According to the magistrate judge, the notice provided plaintiff was insufficient because
[t]he concept of "notice," if it means anything at all in the context of a privileges action, must include disclosure of the data upon which Akron General relied, and therefore the data upon which Pine relied. More important, it must include identification of the patient charts which support the decision of the hospital. That means that Dr. Sokol should have been informed of the specific cases where he engaged in poor case selection and whether he failed to provide appropriate myocardial protection.
The sort of notice demanded by the magistrate judge was not required by the circumstances of this case. Had Akron General restricted plaintiff's rights because the Medical Council determined that he had poor case selection or provided insufficient protections against myocardial infractions, then perhaps specific patient charts should have been indicated, along with specific problems with each of those charts. However, Akron General had a more fundamental concern with plaintiff's performance: too many of his patients, in the aggregate, were dying, even after accounting for risk adjustment. Poor case selection and problems in preventing myocardial infraction were just two reasons suggested by the Investigatory Committee for the high mortality rate.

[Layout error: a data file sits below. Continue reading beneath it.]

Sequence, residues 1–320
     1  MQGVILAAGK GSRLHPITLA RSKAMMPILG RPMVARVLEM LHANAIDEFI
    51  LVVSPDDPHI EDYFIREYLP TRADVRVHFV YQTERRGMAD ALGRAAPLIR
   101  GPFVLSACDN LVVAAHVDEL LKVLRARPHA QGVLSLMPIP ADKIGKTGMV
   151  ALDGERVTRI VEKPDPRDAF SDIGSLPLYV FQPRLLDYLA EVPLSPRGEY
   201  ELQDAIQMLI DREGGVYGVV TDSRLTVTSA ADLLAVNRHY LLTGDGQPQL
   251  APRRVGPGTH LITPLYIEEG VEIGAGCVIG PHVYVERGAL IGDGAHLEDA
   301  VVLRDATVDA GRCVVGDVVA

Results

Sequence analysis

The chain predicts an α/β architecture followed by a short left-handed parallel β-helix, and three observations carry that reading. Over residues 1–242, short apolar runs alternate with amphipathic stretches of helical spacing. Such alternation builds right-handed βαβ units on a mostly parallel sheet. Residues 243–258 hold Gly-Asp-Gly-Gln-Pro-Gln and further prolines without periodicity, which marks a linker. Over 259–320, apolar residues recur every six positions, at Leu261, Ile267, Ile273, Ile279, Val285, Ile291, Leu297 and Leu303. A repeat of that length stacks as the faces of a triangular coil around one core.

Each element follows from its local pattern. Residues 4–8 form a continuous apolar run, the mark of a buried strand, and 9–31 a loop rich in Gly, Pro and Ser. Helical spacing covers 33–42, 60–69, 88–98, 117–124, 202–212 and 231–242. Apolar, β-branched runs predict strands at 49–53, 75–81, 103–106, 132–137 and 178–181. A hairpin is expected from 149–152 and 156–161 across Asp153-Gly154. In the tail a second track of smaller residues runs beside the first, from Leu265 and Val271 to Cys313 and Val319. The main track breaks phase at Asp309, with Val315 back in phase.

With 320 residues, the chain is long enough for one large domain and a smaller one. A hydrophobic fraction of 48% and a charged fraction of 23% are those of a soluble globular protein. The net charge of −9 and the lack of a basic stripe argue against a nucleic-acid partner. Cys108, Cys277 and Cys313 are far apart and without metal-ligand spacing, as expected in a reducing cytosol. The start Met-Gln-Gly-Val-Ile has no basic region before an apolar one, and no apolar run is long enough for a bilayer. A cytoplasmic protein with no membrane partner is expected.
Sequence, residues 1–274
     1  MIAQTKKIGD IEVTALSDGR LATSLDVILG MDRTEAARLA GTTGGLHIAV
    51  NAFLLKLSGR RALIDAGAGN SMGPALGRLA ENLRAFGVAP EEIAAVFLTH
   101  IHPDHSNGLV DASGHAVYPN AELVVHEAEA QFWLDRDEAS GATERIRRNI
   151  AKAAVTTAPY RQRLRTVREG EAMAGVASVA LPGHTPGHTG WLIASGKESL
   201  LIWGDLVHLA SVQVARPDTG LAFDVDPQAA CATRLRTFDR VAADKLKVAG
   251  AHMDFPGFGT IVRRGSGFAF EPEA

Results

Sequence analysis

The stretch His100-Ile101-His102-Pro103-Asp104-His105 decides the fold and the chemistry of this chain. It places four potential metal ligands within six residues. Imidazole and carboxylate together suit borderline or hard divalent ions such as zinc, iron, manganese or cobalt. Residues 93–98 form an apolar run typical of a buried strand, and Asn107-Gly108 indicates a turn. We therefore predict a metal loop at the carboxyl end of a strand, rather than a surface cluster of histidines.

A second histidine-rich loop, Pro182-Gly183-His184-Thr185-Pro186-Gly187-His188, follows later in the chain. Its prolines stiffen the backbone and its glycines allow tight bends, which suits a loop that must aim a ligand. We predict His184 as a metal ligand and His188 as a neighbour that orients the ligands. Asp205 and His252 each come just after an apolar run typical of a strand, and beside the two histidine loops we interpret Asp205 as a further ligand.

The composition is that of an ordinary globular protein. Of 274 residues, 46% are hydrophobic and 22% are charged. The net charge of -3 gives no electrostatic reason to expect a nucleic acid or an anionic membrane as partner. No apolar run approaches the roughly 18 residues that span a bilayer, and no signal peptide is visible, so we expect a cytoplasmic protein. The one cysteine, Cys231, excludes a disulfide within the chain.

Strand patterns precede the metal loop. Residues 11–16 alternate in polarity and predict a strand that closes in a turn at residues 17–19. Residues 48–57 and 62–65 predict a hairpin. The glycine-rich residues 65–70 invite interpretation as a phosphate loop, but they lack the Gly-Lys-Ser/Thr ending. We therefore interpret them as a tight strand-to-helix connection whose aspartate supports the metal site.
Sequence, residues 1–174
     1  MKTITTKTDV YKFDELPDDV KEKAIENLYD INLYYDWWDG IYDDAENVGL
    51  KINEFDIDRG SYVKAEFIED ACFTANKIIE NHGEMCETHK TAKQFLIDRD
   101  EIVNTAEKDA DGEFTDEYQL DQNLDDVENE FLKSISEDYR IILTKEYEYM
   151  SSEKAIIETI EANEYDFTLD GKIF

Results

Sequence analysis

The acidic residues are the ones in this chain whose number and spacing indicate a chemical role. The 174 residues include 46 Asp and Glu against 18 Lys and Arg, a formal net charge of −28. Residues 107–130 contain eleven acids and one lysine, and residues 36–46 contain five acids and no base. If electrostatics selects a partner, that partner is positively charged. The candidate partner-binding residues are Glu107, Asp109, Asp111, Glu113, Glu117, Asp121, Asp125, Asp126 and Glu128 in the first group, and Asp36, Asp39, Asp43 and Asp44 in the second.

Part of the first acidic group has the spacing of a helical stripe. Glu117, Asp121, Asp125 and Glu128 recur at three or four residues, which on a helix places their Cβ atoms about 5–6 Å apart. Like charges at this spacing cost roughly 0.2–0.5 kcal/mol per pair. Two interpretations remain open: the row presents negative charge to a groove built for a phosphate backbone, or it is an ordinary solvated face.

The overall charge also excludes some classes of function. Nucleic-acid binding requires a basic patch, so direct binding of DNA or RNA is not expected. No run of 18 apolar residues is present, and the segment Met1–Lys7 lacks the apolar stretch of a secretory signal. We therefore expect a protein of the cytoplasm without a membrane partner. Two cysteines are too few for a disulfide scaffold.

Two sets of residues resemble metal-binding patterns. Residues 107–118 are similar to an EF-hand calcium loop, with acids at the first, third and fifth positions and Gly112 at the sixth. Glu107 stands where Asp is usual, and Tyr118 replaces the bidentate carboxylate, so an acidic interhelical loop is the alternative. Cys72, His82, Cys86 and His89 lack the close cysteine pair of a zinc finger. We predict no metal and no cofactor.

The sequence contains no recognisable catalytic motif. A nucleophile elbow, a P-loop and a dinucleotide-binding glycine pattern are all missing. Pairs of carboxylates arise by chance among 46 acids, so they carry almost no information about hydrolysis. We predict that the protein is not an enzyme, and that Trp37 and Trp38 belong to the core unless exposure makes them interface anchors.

Plaintiff takes issue with the Pine study and the STS algorithm, claiming that they do not present an accurate picture of his performance as a surgeon because he is the "surgeon of last resort." In other words, so many of his patients die because so many of his patients are already at death's door. Perhaps plaintiff is correct about that. However, it is not for us to decide whether he has been inaccurately judged by the Investigatory Committee and the Medical Council. Instead, we are to determine whether plaintiff had sufficient notice of the charges against him to adequately present a defense before the Hearing Committee. He knew that the Medical Council's decision was based upon the results of the Pine study and the STS analysis, knew the identity of his patients and which ones had died, and had access to the autopsy reports and medical records of these patients. In addition to the letter sent him by the President of Akron General notifying him of the grounds for the Medical Council's decision, he was present at Dr. Pine's initial presentation and he met with the Investigatory Committee concerning the Pine study and the STS assessment. Manifestly, he had notice and materials sufficient to demonstrate to the Hearing Committee's satisfaction that limiting his privileges was inappropriate.